By Megan Amundson
Executive Director of NARAL Pro-Choice Massachusetts

Megan Amundson Professional Headshot, licensed for unlimited use on the web.Tomorrow the US Supreme Court hears oral arguments in McCullen v. Coakley, a case challenging the Massachusetts Buffer Zone Law.  The law, passed in 2007, creates a 35-foot, content-neutral “buffer zone” around the entrance to reproductive health care clinics.

Anti-choice protestors are challenging the law, claiming it violates their First Amendment right to free speech.  They assert that, as peaceful sidewalk counselors, they are unable to provide women with information about options for their pregnancy that they are not receiving from abortion clinics because they cannot approach patients within the buffer zone to look them in the eye, hand them a flyer, and convince them to make a different decision.

The Massachusetts Buffer Zone Law does not violate the First Amendment, and it protects another important constitutional right—the right to abortion care.  The law does not discriminate based on the content of the speech, nor does it favor one type of speech over another; all protestors—regardless of their message—must abide by the 35-foot buffer zone.  In addition, the law furthers the Commonwealth’s substantial interest in ensuring safe access to reproductive health care facilities, especially given the persistent violence targeted at abortion clinics.

The Supreme Court decision in Hill v. Colorado in 2000 set out the applicable constitutional standards for buffer zone laws.  The Hill decision upheld a Colorado law that created an 8-foot, no-approach bubble zone around any person within a buffer zone stretching 100 feet from a health care facility and made it a misdemeanor to obstruct entry to or exit from a health care facility.  Using this decision as a guide, the First Circuit Court of Appeals upheld the Massachusetts Buffer Zone Law, both on its face and as applied to specific reproductive health services clinics.  The Supreme Court agreed to take up the case on the anti-choice protesters’ petition for a writ of certiorari.  By hearing this case, the Supreme Court could reopen its own precedent around buffer zones.

The Massachusetts legislature passed the Buffer Zone Law because Massachusetts has a history of violence at abortion clinics: on December 30, 1994, John Salvi opened fire in abortion clinics in Boston and Brookline, MA, killing two and wounding five others.  The Buffer Zone Law was passed to ensure the safety of patients and clinic staff, after other efforts—including a floating bubble zone—proved unsuccessful in blocking protestors from physically intimidating patients and staff, and from obstructing patients’ ability to enter clinics.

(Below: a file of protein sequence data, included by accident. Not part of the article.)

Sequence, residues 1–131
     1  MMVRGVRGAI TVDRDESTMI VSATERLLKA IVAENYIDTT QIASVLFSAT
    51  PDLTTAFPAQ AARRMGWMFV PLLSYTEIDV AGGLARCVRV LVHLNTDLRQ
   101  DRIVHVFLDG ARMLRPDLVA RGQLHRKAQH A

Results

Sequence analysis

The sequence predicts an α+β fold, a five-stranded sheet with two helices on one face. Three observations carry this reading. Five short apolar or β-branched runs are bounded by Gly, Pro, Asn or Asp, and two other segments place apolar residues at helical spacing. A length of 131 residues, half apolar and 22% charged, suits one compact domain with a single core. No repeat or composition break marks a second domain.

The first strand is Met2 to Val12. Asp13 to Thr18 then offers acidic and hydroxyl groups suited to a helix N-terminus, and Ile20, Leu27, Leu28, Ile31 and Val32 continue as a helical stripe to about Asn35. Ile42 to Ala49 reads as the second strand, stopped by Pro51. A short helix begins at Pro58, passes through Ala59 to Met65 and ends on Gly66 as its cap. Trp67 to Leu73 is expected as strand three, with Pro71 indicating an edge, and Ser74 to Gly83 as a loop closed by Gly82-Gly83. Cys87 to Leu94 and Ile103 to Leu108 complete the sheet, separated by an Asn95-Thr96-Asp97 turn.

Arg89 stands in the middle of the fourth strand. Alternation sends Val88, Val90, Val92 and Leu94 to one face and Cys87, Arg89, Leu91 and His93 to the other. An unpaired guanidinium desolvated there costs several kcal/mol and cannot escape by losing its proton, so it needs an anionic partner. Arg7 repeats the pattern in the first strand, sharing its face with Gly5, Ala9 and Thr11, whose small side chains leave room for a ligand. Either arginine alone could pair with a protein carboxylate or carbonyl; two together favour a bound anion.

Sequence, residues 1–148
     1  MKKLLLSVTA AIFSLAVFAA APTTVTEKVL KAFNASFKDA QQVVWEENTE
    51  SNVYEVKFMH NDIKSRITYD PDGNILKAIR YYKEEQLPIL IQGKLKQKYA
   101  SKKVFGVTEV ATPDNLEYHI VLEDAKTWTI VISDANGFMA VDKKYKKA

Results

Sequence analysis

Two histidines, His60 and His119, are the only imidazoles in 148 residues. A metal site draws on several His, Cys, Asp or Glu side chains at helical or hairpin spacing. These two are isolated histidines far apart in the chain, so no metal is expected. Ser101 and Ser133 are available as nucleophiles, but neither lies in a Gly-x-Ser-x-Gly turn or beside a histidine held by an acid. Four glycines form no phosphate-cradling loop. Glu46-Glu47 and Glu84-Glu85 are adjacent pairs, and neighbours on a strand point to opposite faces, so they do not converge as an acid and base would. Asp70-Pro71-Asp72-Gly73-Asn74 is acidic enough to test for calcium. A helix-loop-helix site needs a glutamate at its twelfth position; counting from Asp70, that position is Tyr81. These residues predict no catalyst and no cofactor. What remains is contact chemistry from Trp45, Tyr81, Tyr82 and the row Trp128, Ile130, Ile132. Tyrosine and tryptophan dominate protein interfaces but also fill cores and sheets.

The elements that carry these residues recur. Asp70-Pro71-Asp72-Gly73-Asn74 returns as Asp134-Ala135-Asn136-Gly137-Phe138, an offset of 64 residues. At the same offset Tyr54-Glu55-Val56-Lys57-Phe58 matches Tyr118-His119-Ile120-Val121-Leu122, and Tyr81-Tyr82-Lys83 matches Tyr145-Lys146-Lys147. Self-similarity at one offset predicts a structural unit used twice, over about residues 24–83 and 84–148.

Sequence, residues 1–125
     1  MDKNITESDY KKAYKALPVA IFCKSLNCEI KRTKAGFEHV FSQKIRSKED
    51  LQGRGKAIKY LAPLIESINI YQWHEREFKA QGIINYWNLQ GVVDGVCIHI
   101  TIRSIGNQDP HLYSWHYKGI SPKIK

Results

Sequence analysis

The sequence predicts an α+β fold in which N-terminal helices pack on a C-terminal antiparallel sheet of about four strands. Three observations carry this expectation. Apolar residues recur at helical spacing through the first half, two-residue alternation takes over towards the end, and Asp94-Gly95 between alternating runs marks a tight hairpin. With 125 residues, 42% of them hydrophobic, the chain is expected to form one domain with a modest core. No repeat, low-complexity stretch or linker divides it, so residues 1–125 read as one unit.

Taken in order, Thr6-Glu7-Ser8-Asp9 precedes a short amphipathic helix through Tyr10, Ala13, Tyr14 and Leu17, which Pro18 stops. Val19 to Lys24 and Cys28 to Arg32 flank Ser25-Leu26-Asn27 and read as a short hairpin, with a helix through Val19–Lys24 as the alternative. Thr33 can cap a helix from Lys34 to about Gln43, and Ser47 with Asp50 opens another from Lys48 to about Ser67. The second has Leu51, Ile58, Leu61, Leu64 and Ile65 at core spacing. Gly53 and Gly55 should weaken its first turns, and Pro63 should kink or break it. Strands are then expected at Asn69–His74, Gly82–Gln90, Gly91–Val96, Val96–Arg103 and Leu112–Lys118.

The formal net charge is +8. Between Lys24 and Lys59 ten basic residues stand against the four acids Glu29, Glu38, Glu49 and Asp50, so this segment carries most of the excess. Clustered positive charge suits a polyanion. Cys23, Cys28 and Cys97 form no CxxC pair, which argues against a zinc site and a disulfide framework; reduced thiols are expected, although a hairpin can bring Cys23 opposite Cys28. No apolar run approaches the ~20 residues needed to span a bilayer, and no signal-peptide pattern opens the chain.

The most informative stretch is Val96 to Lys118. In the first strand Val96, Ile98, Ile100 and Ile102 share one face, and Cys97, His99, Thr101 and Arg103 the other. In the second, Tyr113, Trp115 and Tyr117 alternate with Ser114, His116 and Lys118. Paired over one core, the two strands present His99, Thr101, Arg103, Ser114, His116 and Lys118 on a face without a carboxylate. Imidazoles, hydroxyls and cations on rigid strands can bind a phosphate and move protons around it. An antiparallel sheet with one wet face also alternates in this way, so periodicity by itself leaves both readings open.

Buffer zones are critical to reducing violence and intimidation because they prevent protestors from being physically close enough to commit acts of harm against those accessing health care.  They also encourage public safety officers to take the threats of violence seriously.  In jurisdictions that have imposed buffer zones around health care clinics, 75 percent of abortion providers say that the laws have improved police response time to threats.

While the passage of the Massachusetts Buffer Zone law has caused a steep decline in violence at Massachusetts’ abortion clinics, the rest of the country has not seen a decline in violence.  Between 2007 and 2012, across the country there have been eight reported arsons, 41 incidents of assault and battery, more than 200 acts of vandalism, 37 bomb threats, 41 death threats, 81 suspicious packages, 50 reports of staff and patients being stalked, and 30 facility blockades that shut down services.

The buffer zone has been the only tool to effectively reduce violence at abortion clinics in Massachusetts.  In 2013, NARAL Pro-Choice Massachusetts conducted a survey of seven abortion providers to determine the success of the buffer zone at clinics across the state and the impact protestors still have on patients’ access to abortion care.  Every abortion clinic in Massachusetts still has protestors, even with the buffer zone—with some clinics seeing as many as 70 protestors on weekends—because protestors are still able to talk to patients and hold signs to communicate their message.  Abortion providers in Massachusetts agree that the buffer zone law has made access to health care safer for women and their loved ones, although all seven abortion clinics surveyed still consider protestors to be a serious concern for patients and providers.

Depending on the scope of the Supreme Court’s ruling in the case, buffer zone laws around the country could be in jeopardy, including those in Colorado, Montana, and municipalities such as Burlington, VT; Portland, ME; Pittsburgh, PA; Chicago, IL; and Sacramento, CA.  Additionally, the case might even impact buffer zones that protect access to other constitutionally protected rights, like those around polling locations to protect voters from intimidation by political workers.  It potentially could take away the most effective tool to prevent violence at abortion clinics and to protect the safety of clinic staff and women accessing basic health care.

Megan Amundson is the Executive Director of NARAL Pro-Choice Massachusetts.